This Sustainable Life


325: My Mom, Marie Spodek: All in the Family

Ep. 325

I thought about recording with parents for a while. Environmental action is personal and people keep asking me what motivates me.

Well, now you'll get almost 50 years more background.

Another issue with family and changing habits, lots of people talk and ask about challenges of changing others or selves within close relationships. This episode will give you my background, environmental and otherwise, how it affects our relationship, her views, and some dirty laundry.

Both my mom and I think or hope you'll enjoy toward the end, where we talk past each other. We think you'll find it funny, though frustrating for us.

For context and what precipitated doing this episode now: COVID-19 has led me to live in her and her husband's (my stepfather) house outside New York City. We haven't lived in such close proximity since the 80s. Understandings in some areas have increased but decreased in others.

You'll hear at the end that she asks for feedback. I hope you'll give her and me feedback.

For my part, I enjoyed the conversation and in a whole mother-son relationship. It's not the worst thing, but I feel misunderstood about my motivations, as you'll hear. I wonder how many people see me as someone actually depriving himself trying to make a point, not realizing I'm just sacrificing.

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661: Daniel, host of What is Politics?, part 1: Dominance, subjugation, hierarchy, and solutions

Ep. 661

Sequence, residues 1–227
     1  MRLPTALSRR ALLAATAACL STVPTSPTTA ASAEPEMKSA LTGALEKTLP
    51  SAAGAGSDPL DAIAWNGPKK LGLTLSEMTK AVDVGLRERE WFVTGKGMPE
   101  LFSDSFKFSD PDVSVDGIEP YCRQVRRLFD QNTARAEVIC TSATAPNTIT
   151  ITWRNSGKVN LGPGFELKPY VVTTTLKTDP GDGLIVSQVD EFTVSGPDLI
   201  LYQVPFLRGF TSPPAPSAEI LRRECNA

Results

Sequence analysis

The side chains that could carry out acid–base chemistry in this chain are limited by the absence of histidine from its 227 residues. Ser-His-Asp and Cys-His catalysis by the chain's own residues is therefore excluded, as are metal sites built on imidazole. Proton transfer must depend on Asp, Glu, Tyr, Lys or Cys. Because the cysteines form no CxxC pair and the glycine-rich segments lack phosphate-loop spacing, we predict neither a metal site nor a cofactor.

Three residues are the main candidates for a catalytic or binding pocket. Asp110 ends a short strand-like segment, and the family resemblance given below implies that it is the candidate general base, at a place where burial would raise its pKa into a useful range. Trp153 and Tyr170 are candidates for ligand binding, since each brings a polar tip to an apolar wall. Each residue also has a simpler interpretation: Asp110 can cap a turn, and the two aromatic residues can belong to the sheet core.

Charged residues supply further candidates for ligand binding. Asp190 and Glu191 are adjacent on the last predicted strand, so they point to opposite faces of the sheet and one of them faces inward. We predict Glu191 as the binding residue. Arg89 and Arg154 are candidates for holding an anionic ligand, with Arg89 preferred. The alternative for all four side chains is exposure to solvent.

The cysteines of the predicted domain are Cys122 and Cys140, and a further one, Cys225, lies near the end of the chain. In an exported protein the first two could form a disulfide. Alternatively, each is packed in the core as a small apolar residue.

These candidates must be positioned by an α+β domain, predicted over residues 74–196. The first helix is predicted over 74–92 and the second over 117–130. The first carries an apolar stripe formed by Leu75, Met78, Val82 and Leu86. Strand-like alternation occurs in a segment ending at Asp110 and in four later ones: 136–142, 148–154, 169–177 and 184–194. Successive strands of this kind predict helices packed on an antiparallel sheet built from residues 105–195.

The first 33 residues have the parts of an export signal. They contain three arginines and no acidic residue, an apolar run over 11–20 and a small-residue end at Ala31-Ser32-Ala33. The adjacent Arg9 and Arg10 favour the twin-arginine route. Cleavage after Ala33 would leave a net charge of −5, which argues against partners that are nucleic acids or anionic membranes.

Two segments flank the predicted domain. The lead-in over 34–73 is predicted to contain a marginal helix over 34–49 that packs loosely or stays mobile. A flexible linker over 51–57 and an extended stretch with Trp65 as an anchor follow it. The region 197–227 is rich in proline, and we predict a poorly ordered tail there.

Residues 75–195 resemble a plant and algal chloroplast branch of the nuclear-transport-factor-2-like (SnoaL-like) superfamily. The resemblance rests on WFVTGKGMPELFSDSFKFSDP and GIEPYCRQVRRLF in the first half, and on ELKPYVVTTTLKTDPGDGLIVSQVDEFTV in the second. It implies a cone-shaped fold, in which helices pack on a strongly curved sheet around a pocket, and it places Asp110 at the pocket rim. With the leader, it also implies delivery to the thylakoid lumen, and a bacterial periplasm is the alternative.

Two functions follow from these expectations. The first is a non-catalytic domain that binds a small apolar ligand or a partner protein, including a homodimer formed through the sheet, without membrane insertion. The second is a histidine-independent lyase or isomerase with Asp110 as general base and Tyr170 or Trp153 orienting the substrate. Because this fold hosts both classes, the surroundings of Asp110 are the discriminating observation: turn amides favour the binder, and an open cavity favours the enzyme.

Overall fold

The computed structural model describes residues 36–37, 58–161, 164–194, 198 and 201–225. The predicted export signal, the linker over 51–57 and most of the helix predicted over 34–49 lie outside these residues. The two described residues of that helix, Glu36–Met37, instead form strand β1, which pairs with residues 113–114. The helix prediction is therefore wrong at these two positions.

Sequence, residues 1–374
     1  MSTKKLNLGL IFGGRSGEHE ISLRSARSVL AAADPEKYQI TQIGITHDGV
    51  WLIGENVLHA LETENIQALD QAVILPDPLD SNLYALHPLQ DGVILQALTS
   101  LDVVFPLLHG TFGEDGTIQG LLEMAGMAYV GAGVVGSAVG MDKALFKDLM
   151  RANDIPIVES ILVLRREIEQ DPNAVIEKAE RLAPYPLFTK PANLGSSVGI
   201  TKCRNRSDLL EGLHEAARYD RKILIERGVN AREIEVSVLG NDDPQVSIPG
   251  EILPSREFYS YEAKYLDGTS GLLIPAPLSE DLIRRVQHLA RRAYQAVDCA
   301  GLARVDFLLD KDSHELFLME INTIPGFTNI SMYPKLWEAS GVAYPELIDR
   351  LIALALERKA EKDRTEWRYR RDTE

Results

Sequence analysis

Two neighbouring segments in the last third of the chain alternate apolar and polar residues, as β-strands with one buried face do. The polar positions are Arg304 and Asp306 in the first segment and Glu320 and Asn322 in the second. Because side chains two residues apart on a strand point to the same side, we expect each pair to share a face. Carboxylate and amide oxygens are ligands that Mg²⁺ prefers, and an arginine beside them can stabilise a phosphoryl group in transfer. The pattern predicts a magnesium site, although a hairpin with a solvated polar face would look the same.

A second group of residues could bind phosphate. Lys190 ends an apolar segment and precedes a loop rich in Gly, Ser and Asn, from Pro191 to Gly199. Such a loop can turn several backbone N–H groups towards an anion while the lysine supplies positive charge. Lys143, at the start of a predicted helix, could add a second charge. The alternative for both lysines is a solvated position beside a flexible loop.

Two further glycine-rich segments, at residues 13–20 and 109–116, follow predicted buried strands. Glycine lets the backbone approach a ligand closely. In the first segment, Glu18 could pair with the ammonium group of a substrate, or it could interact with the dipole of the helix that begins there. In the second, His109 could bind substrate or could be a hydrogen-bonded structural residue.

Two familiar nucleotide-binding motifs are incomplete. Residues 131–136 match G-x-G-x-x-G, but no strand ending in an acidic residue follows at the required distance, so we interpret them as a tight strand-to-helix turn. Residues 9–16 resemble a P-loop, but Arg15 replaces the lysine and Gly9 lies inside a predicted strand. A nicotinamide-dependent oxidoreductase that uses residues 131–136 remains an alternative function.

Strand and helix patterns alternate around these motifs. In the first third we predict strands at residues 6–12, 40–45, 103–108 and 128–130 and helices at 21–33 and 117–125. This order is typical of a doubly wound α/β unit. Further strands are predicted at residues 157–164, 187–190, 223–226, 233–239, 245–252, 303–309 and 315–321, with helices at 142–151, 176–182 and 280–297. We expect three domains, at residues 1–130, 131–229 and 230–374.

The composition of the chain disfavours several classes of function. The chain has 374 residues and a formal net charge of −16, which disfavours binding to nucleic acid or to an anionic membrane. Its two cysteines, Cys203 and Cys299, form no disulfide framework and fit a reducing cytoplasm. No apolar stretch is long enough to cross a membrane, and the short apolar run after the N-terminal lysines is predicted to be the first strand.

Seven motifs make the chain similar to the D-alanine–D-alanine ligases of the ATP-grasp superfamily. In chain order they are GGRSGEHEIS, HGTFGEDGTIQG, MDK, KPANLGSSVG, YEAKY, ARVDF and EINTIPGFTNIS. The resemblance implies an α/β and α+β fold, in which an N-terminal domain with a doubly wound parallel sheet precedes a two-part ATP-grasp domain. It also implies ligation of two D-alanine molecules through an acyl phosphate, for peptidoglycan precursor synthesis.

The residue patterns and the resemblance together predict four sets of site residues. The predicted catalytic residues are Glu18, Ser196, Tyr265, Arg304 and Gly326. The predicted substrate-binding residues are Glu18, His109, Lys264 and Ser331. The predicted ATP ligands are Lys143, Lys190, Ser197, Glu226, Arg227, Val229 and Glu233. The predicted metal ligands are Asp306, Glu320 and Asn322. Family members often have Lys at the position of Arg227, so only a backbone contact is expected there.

I can't tell you how valuable (and entertaining) I found Daniel's video series.Regular listeners and readers may know how important I find anthropology to solving our environmental problems. If we want to change our culture, we have to know why it is this way, how other structures have worked, and how we can change.I started realizing this importance when I noticed that I had read podcast guest Sebastian Junger's book Tribe the day I unplugged my apartment. It showed me what we lack in our culture that others have: freedom, equality, community, connection, and what we value when calm, not bombarded with ads and feeling guilt, shame, helplessness, and hopelessness. It gave me something to look forward to beyond being able to fly to see the Eiffel Tower whenever I wanted.Next, reading The Dawn of Everything, another book on anthropology, showed a variety of cultures I hadn't known. We don't have to feel constricted to "returning to the Stone Age." But that book left open its main question: why are we stuck in our current culture?Enter What Is Politics?. In the series, Daniel clarifies what a lot of loose terms mean, thereby simplifying how to understand politics. It led me to understand why we're stuck and what we have to do to free ourselves.Daniel and I went to town talking politics, anthropology, hierarchies, how and why they form, sustainability, and more.Normally when my conversations go longer than an hour, I break them into parts, but if you like our conversation, you'll keep listening. I expect what we cover here and his series covers to ground a lot of what we have to do to change global culture. I'll close by reminding you of my mission statement on my bio page:My mission is to help change American (and global) culture on sustainability and stewardship from expecting deprivation, sacrifice, burden, and chore to expecting rewarding emotions and lifestyles, as I see happen with everyone I lead to act for their intrinsic motivations.In my case the emotions have been joy, fun, freedom, connection, meaning, and purpose.Everyone’s experience will be unique to his or her experience, but I know we all love nature so I don’t have to change anyone. I reveal what’s already there.